Emma Jensen: The time is right for ‘Mary Shelley’

02 July, 2018 by Don Groves

‘Mary Shelley.’

When Emma Jensen wrote the first treatment of the screenplay for Mary Shelley in 2011, she could not have imagined how the climate for female-centred films – and more broadly for women’s rights – would have evolved by the time the film was released.

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Elle Fanning plays Mary Wollstonecraft Godwin, who was 16 when she met and fell in love with Percy Bysshe Shelley, the dashing, brilliant and married poet – a tumultuous affair which inspired her to write the Gothic novel ‘Frankenstein’.

Haifaa Al-Mansour directed the romantic drama which co-stars Douglas Booth as Percy Shelley, Tom Sturridge as Lord Byron, Bel Powley as Mary’s half-sister Claire Clairmont and Stephen Dillane as her father William Godwin.

“When I was writing Mary Shelley I did not conceive it would land at this moment, tapping into the energy of the #MeToo movement,” says Jensen, who has been hosting Q&A screenings in the lead up to the July 5 premiere.

“The responses have been lovely as people discover a story they really didn’t know. Mary was incredibly ahead of her time. I think her tenacity and determination will strike a chord with audiences.

“There is a greater awareness now of female stories and female storytellers. We’ve had some progress in the stories that have come through in the last 12 months. I’m happy to be part of that wave.”

This is her first feature screenplay credit after serving a long apprenticeship working  in development for Hopscotch Films, Working Title and Mushroom Pictures, plus a couple of years freelancing, script editing and assessing scripts for Screen NSW.

Jensen read the ‘Frankenstein’ novel when she attended Indooroopilly High School in Brisbane in the late 1980s but for years felt she lacked the confidence to write a script. In 2011 Screen NSW funded the treatment, and the following year Screen Australia funded the first draft. The turning point came in 2013 when her US agent UTA sent the screenplay to US producer Amy Baer, who quickly bought an option and put Jensen together with Haifaa Al-Mansour, then Fanning, Booth and Powley came on board.

The Saudi Arabian director brought her life experience to the project. “Haifaa grew up in an environment where she felt the constraints of being a woman,” Jensen said. “We brought that to life in the parallels with Mary’s story.”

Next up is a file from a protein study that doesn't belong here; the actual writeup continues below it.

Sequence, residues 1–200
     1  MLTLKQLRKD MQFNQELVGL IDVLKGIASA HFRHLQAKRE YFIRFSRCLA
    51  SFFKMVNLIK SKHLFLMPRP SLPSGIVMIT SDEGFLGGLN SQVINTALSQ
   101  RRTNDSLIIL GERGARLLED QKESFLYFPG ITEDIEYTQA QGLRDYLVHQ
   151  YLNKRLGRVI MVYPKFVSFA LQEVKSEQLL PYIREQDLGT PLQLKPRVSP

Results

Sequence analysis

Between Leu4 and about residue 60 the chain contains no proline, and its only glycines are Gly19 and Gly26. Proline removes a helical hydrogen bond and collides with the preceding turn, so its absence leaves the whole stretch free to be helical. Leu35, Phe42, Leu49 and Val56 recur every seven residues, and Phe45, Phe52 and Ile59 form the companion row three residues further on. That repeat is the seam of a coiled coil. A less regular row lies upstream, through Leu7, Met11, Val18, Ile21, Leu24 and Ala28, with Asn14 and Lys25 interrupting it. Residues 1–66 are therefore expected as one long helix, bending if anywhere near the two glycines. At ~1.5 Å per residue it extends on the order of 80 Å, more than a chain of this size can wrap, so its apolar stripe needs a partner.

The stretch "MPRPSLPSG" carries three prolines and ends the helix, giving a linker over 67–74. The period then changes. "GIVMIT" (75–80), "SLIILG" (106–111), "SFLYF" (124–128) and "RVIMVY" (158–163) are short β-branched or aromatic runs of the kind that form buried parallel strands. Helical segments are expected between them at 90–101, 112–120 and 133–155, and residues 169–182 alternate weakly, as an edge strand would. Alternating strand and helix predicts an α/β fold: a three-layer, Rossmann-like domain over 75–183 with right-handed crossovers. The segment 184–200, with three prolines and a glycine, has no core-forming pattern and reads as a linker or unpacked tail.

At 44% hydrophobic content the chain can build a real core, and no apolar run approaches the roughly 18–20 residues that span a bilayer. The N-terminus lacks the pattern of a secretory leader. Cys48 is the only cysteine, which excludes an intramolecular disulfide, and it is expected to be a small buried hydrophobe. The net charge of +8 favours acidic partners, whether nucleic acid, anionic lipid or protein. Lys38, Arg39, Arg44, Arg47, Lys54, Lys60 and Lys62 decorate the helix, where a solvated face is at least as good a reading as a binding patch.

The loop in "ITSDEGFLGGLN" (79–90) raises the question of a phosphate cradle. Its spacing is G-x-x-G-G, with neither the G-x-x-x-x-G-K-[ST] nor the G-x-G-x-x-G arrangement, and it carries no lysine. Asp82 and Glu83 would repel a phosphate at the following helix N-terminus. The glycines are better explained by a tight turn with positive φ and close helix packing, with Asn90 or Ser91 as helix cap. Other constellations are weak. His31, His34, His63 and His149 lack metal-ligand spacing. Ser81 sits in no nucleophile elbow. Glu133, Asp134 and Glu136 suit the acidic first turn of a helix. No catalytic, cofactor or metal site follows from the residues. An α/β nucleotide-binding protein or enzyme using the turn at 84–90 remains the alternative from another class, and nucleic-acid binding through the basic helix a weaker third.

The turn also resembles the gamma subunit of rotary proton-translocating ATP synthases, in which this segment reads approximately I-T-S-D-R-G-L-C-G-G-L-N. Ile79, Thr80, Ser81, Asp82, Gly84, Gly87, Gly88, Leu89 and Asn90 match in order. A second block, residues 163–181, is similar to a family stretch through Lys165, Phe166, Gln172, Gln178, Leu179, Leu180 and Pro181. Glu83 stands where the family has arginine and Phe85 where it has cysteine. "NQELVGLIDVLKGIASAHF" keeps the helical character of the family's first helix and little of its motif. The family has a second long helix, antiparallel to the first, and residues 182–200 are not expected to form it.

Transmission Films is launching the film on 25 screens. Perhaps surprisingly, the film had such a limited release in the US via IFC Films it grossed less than $US100,000, so the Australian takings very likely will surpass that.

Emma Jensen.

Jensen is attached to a raft of projects including I Am Woman, the Helen Reddy biopic for Goalpost Pictures and director Unjoo Moon. Tilda Cobham-Hervey will play Reddy with Danielle Macdonald (Patti Cake$) as her close friend Lillian Roxon, the legendary rock journalist who spent 10 years as the Sydney Morning Herald’s New York correspondent.

“Unjoo and I have had a fantastic collaboration,” she says. “From the outset we really jelled and it was always very clear about the story we wanted to tell. We’ve had lots of breaking into songs along the way.”

She is collaborating with Tara Winkler on How (Not) to Start an Orphanage, the true story of Winkler’s experiences when she first went to Cambodia at the age of 19. After visiting an orphanage where the children were living in abject poverty, she raised funds but eventually discovered the money was being embezzled and the children were suffering gross neglect and abuse. Jennifer Peedom is attached to direct for Aquarius Films and Sunstar Entertainment.

Also on her slate is Living with Miss G, which chronicles the friendship between actress Ava Gardner and her African-American maid and companion Mearene Jordan “Rene” Jordan. Arcadia’s Lisa Shaunessy is the producer and the project is out to directors. The screenplay is based on the book of that title by Jordan, whom Jensen met before her death in 2014, aged 92.

Jensen has spent several years developing Em, a comedic take on Jane Austen’s Emma with writer/producer Matthew Dabner. On that she says simply: “Watch this space: Em is making a comeback.”

In addition she optioned a UK-based true crime story as a TV series and is developing two projects with Goalpost.

 

 

 

 

 

 

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